These Are Easily The Filthiest Spots In An Airport

Airports are fun, right? Typically — unless you really love airport food and don't mind the drive — heading to one means that you're about to hit the skies and travel somewhere exciting. Whether you're visiting some of the oldest cities in the world, dining your way through Michelin-starred restaurants, or simply kicking back and sunbathing in a tropical destination, airports are synonymous with new adventures, unexplored culture, and countless possibilities. But — and here's the less glamorous part — they're also teeming with germs and grime.

Put simply, airports are hubs for disease and bacteria. After all, when more than 2.9 million passengers pass through U.S. airports a day, it makes sense that their germs would come along for the ride too. And what better place to settle in and make a home for themselves than high-traffic surfaces and areas that are in contact with people on a continuous basis?

Far away from the bathrooms — which are actually a lot cleaner than you think thanks to new tech and passenger feedback — the dirtiest place in the airport is your first stop: self check-in kiosks and their accompanying touchscreens. However, the battle doesn't stop there. From armrests to handrails and TSA bins to water fountains, it's basically a game of minesweeper — with the ultimate prize being not getting sick.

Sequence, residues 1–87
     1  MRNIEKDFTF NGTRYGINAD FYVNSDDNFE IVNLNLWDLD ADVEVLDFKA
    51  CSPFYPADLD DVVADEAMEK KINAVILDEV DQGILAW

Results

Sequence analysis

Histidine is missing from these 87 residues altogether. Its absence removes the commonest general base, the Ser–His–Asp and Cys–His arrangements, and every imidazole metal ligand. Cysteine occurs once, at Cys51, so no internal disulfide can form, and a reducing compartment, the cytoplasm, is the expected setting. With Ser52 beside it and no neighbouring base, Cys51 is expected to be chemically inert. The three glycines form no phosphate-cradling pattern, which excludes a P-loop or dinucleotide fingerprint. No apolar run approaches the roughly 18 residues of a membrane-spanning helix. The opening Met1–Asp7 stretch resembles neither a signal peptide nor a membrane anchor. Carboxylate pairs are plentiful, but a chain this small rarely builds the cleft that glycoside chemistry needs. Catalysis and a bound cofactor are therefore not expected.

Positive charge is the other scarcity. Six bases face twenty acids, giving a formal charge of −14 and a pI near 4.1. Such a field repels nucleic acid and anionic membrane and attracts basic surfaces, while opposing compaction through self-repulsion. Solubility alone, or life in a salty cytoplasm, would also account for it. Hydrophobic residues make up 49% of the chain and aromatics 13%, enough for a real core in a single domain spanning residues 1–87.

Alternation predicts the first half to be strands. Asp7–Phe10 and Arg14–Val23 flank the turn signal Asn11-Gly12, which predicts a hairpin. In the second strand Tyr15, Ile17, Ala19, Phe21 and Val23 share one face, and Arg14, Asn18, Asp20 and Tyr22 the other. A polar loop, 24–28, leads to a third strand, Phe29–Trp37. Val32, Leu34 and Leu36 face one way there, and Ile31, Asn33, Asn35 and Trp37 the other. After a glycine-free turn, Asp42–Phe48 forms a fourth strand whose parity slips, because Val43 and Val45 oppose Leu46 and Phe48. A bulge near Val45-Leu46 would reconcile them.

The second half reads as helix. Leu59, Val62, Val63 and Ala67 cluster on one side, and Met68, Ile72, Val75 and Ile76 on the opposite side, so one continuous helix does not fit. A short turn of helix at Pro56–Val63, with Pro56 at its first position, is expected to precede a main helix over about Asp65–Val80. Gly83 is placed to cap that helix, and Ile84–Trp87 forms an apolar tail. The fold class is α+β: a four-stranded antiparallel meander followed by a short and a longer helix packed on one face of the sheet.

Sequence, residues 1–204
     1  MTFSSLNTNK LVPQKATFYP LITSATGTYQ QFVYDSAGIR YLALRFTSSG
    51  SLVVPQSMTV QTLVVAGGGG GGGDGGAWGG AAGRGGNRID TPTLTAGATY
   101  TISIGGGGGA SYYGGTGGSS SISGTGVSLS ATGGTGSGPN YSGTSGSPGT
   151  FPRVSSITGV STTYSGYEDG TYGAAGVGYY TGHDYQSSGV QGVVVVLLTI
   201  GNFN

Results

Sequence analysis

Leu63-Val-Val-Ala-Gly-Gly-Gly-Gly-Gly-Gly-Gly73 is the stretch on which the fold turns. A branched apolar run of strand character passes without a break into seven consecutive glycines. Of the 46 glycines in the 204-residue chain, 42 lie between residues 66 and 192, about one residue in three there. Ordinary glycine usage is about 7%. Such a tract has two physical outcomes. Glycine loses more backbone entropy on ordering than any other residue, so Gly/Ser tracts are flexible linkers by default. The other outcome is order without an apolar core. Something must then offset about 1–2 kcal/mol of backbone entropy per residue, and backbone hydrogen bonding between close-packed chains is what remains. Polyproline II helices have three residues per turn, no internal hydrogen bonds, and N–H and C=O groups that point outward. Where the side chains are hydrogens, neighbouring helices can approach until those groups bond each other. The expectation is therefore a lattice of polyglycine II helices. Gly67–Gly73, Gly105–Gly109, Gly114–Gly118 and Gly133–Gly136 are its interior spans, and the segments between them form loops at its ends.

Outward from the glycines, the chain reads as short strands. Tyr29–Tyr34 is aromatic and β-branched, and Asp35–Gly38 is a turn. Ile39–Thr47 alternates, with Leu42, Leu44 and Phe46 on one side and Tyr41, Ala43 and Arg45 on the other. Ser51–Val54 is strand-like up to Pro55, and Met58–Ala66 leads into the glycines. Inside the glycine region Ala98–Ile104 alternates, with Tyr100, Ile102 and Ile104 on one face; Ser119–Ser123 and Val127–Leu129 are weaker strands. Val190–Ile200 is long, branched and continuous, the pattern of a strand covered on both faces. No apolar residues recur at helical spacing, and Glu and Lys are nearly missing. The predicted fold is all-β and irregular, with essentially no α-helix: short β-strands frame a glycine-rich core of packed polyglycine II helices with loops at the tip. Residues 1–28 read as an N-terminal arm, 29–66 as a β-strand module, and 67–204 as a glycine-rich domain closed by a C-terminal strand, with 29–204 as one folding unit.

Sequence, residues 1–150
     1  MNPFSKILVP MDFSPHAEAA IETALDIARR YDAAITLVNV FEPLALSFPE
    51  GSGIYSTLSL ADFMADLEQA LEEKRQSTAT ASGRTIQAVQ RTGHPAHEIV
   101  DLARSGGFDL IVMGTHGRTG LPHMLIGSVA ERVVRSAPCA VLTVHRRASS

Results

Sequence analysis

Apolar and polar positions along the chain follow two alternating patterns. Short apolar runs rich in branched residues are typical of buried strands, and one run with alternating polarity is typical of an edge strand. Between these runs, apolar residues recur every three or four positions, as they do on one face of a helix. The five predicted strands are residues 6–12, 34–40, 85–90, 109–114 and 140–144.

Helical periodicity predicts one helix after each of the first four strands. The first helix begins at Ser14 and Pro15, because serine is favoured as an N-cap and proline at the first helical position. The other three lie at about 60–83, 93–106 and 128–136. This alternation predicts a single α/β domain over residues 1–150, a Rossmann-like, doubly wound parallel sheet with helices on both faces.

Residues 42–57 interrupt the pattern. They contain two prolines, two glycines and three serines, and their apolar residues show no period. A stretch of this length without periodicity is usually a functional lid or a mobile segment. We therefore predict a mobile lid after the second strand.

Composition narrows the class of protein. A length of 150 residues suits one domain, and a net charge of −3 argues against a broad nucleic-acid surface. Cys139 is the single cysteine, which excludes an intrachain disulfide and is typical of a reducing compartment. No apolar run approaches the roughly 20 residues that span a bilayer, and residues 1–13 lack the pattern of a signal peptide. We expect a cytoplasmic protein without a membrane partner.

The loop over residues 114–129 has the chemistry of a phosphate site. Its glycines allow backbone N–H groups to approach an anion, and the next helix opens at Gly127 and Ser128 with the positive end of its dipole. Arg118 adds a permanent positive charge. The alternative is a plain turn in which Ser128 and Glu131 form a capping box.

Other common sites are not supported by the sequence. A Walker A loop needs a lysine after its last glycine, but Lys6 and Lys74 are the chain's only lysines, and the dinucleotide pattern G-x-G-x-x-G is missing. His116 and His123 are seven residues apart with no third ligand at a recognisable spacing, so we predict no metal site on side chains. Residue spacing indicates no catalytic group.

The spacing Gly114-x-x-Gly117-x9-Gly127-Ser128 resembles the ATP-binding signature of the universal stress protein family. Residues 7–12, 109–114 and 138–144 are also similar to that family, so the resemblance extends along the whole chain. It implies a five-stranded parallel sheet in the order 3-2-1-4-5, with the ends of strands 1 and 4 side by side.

Coming in second as one of the dirtiest spots in the airport are the coveted gate bench armrests. When it comes to travel jackpots, there are few things out there that will make you feel better than snagging a seat right by the counter — especially if you're a nervous flier who's constantly worried about missing your flight. However, it's exactly this reason that makes armrests so gross.

Not only do these come in contact with thousands of passengers a day, but they also accumulate a variety of germs and bacteria from constant handling and, in some cases, lack of proper disinfection. In fact, according to a 2017 study by Texas-based company InsuranceQuotes, researchers found a whopping 21,630 colony-forming units (CFU) — which are basically clusters of viable bacteria — per square inch. That's basically equivalent to the number of germs found in a kitchen sink (21,000 CFU). Can passenger YUCK! report to gate H9, please?

Water fountains

Feeling thirsty and want to avoid unnecessary germs? You might be better off paying for an over-priced bottle of water instead of hunting down a public drinking fountain. According to the same study by InsuranceQuotes, airport water fountains — specifically, the water fountain buttons — sit comfortably as the third dirtiest spot. With a reported 19,181 CFU per square inch, you'd probably find the same numbers by testing a used pet toy (roughly 19,000 CFU). Much like the armrests, the reason for these high numbers of germs is that these surfaces aren't frequently cleaned — at least not well — which makes them a hotbed for bacterial activity.

Luckily, though, airports around the country have started to implement filling stations that might change this for good. Especially since some of these don't even require you to touch them. Just place your reusable water bottle where marked and the machine will fill it — no spills — to the top. Saving $5, staying germ-free, and helping the environment? Yes, please.

Stair and escalator handrails